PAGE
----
I recently came across many wonderful thoughts and ideas like this and this. However there is one principle that I heard, not surprisingly from Jason Fried, that blew me away. It was one of the most simplest rules, but when followed, simplifies a lot of decision making situations. Here is what it is.

In an interview when Jason was asked what was the partnership deal between dhh and him at 37 signals he said, that he cannot disclose the exact number but 50:50 is one of the worst numbers for partnership. Its ok to have 51 to 49 but not 50:50. He said the partnership split was something that is not 50:50.

That struck me as soon as I heard it. It was a stunningly simple solution for a pervasive problem. I’m exceptionally bad at making a decision. I’m always confused between two very good options in my mind. When I drill deeper I realize, I had not prioritized between the two things. When you switch from 50:50 to 51:49, suddenly everything is in perspective. We know which one is more important.

Its also a great number when an assignment/project is given to two people to complete. It provides so much clarity to everyone involved. It says who has the ultimate responsibility , even when both the parties have to put in almost equal amount of effort into it.

Any ratio that is not 50/50 says who has a higher stake in the game. Risk or reward, nothing is 50-50.

I also think this number could be applied in personal lives. 50-50 has the potential to creates tension between the two equal people/ideas/options. Better be explicit and clear about who/what is 51.

Thoughts on Google+

I’ve been using Googles new social service Google+ for a while. Everyone has thoughts and opinions. Here is what I think.

The most compelling aspect of the service to me is that Google looks at the service as a layer in their other products rather than a standalone product itself. At this time, search,gmail and contact services all have the social layer embedded in the top nav bar. Other services will have them soon. This is one feature facebook should be worried about.

UI. This is one area that facebook has never shown much focus on. They never had smooth transitions in anything. In a sense they are anti-Apple in design. Google has done a fantastic job in the UI design of Plus. For instance, their Circles feature. They have made it so easy that grouping people seems like no task at all. And obviously, their minimal approach to design shows all over. Google+ clearly wins over Facebook in UI, hands down.

Hangout: This is one feature that is praised a lot by the early users. And it sure seems to have some meat. Hangout is a group video chat service, that runs on the browser. But, it needs a plugin to be downloaded. The service automatically detects the person who is talking in the group, and switches the video focus to that person. Kinda neat. Skype charges for the same feature. Google definitely one uped Skype in that.

Any product lives only if it can answer the question, what specific problem does it solve? The answer is Twitter for some, Facebook for someothers and nothing new for a a few. This is a problem. So, even if it the product has the potential to take away market share from Twitter and Facebook, it wont overthrow any of those services soon. Cuz, when I get on twitter, I know what the platform does and why people are there. I’m not so sure of everyone in Plus does it. Plus tries to be everything for everyone. I’m not so sure if would work. May be having two distinct networks, Facebook and Twitter just complicates Social and Plus is the solution for it. I dont know. Time would answer the question.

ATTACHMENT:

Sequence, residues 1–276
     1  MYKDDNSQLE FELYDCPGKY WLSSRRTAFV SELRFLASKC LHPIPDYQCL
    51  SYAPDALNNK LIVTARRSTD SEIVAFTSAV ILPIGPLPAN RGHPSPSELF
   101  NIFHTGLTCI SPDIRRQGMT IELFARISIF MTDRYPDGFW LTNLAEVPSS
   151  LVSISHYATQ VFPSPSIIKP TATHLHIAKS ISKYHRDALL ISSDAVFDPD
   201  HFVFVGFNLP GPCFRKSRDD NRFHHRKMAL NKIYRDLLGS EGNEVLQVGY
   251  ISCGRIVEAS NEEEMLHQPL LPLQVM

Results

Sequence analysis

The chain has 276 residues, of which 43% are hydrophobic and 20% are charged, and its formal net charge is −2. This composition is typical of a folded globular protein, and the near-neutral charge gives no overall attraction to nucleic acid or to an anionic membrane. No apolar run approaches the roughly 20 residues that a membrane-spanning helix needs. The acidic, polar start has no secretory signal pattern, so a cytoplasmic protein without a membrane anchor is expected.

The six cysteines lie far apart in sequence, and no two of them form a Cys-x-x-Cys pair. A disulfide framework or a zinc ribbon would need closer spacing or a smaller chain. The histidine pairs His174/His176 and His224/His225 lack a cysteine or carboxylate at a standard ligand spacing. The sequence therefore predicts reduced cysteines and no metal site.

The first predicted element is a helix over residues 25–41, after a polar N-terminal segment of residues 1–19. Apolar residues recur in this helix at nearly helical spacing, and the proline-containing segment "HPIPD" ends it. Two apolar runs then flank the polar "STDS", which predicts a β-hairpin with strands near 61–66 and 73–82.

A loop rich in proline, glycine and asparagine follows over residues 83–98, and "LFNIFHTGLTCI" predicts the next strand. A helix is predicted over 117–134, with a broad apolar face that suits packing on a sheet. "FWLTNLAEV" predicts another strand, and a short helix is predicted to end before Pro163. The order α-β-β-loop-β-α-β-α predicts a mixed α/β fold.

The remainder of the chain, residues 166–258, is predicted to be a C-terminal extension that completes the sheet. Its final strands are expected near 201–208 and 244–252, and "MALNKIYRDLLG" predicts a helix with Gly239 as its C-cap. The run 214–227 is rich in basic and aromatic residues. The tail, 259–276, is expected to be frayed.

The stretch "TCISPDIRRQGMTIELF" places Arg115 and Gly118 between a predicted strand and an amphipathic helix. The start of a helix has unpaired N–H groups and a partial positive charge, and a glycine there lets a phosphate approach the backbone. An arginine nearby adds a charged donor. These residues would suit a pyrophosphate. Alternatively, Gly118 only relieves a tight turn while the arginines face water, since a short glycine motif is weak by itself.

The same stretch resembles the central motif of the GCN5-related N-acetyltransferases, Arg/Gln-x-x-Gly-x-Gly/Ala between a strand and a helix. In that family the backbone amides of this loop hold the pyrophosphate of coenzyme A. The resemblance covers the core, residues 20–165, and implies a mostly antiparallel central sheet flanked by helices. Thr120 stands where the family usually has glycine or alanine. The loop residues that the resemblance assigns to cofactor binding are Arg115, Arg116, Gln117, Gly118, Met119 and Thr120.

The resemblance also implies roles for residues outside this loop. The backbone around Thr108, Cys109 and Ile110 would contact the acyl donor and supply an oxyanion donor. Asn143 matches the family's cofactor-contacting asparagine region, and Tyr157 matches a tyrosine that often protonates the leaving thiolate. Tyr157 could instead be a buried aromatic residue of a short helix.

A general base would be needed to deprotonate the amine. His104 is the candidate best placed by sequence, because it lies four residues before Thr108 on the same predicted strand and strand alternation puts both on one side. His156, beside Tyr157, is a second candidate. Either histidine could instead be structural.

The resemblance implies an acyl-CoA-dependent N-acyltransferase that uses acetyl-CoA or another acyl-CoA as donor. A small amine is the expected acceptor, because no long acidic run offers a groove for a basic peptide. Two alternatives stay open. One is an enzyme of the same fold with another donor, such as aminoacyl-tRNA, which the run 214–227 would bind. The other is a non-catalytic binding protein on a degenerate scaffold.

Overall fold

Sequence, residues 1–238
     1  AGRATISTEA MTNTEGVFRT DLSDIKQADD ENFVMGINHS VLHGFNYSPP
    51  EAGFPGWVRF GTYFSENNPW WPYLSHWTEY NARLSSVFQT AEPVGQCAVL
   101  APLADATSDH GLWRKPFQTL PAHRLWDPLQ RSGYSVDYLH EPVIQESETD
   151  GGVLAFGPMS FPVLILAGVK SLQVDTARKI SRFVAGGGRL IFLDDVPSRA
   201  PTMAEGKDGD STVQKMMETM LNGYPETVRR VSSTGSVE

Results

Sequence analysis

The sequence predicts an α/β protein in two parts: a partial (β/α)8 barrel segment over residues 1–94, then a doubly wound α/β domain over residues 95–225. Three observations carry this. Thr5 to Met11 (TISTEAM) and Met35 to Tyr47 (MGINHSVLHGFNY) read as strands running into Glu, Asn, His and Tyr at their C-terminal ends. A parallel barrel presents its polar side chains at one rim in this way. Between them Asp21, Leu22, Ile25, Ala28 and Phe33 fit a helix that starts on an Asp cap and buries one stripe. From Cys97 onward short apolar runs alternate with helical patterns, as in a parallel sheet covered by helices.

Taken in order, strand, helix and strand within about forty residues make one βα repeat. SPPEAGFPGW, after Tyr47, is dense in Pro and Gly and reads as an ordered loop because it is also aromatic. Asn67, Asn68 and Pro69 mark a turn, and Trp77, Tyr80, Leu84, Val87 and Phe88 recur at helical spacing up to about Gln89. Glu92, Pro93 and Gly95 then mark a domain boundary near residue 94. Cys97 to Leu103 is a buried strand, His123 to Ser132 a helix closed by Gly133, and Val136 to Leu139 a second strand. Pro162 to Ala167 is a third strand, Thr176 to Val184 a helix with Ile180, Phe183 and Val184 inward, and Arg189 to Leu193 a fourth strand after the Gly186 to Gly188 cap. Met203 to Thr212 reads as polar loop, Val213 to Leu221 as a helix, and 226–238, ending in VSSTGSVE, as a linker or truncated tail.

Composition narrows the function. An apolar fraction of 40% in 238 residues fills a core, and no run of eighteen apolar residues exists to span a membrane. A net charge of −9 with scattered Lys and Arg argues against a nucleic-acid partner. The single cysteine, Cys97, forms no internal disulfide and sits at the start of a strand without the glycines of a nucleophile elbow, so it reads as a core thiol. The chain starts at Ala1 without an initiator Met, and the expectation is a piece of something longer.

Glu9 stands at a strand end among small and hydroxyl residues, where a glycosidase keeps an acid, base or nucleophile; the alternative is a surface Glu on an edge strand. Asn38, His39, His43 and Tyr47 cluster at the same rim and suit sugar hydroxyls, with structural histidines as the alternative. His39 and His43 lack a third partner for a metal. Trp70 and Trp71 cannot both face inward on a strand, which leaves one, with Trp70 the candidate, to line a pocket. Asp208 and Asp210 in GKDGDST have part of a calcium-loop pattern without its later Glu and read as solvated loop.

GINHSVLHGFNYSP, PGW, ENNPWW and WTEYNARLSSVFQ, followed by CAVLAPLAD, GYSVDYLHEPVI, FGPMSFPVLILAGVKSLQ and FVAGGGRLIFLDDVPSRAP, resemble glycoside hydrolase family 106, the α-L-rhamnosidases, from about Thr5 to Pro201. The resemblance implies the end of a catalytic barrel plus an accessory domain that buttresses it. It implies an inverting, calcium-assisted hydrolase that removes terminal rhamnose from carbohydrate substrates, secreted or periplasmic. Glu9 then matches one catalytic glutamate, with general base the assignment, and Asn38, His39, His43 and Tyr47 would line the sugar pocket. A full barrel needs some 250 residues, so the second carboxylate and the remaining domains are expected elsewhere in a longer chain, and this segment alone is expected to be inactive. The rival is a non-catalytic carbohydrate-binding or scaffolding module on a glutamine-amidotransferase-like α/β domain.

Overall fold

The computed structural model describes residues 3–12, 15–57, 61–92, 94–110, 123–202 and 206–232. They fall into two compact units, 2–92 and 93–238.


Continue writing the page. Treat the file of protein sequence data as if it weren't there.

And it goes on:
Another problem with Plus is that finding the right people becomes a nightmare once you cross a few friends. I added a few of my friends and some tech folks into my circles. Now, when I try to look up someone who has recently joined Plus, I see 95% of unknown people, people who are in the circles of tech folks I follow. My few friends who are on Plus are lost in the mix.

In the past two weeks, Plus has been cited by many tech experts as providing a lot of engagement in conversations compared Facebook. I think that is a mirage. People on Plus have very few friends now and no distraction. They are going to keep talking to those who are already there. Once they have enough to do, engagement will drop. They are also mostly tech folks talking within themselves. Wait until the general crowd enters the scene and everyone has 300+ friends.

Finally, Google Plus needs a time sink like Farmville to gain share from Facebook. If Google wants people to use Plus extensively for longer periods of time, they needs apps and games. This may be the time to leverage their investment in Zynga. But, may be Google’s vision is not to keep you on Plus as long as possible, but rather to stop you from leaving their sites to talk to your friends.

In the not so distant feature, Google might will integrate all their products with Social being an important underpin. But its a long way to go and Facebook and Twitter are not the sleeping hare.